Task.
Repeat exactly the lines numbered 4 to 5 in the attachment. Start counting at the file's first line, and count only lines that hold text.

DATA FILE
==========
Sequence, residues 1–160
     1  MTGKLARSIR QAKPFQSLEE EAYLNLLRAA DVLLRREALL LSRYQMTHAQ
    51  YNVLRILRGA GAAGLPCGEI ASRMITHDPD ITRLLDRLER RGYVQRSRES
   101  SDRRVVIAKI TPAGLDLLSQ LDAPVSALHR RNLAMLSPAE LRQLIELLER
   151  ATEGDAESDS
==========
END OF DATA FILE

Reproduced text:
   101  SDRRVVIAKI TPAGLDLLSQ LDAPVSALHR RNLAMLSPAE LRQLIELLER
   151  ATEGDAESDS